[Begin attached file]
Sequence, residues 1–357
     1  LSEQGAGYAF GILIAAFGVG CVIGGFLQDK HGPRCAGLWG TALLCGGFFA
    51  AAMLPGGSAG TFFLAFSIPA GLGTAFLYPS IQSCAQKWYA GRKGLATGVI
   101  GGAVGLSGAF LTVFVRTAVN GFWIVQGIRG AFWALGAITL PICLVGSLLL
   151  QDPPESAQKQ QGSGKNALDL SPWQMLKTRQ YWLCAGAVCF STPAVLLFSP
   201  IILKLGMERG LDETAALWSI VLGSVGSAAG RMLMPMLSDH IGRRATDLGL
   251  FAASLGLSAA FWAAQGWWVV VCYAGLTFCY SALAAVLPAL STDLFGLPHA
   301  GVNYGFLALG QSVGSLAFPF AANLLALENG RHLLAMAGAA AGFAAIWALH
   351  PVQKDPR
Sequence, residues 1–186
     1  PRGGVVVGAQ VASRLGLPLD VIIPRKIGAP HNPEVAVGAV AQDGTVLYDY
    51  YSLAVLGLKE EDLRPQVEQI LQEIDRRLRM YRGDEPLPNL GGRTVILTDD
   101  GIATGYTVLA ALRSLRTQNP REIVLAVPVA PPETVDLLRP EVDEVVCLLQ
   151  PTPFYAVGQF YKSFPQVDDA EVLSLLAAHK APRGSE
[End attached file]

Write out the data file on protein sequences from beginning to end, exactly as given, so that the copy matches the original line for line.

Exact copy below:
Sequence, residues 1–357
     1  LSEQGAGYAF GILIAAFGVG CVIGGFLQDK HGPRCAGLWG TALLCGGFFA
    51  AAMLPGGSAG TFFLAFSIPA GLGTAFLYPS IQSCAQKWYA GRKGLATGVI
   101  GGAVGLSGAF LTVFVRTAVN GFWIVQGIRG AFWALGAITL PICLVGSLLL
   151  QDPPESAQKQ QGSGKNALDL SPWQMLKTRQ YWLCAGAVCF STPAVLLFSP
   201  IILKLGMERG LDETAALWSI VLGSVGSAAG RMLMPMLSDH IGRRATDLGL
   251  FAASLGLSAA FWAAQGWWVV VCYAGLTFCY SALAAVLPAL STDLFGLPHA
   301  GVNYGFLALG QSVGSLAFPF AANLLALENG RHLLAMAGAA AGFAAIWALH
   351  PVQKDPR
Sequence, residues 1–186
     1  PRGGVVVGAQ VASRLGLPLD VIIPRKIGAP HNPEVAVGAV AQDGTVLYDY
    51  YSLAVLGLKE EDLRPQVEQI LQEIDRRLRM YRGDEPLPNL GGRTVILTDD
   101  GIATGYTVLA ALRSLRTQNP REIVLAVPVA PPETVDLLRP EVDEVVCLLQ
   151  PTPFYAVGQF YKSFPQVDDA EVLSLLAAHK APRGSE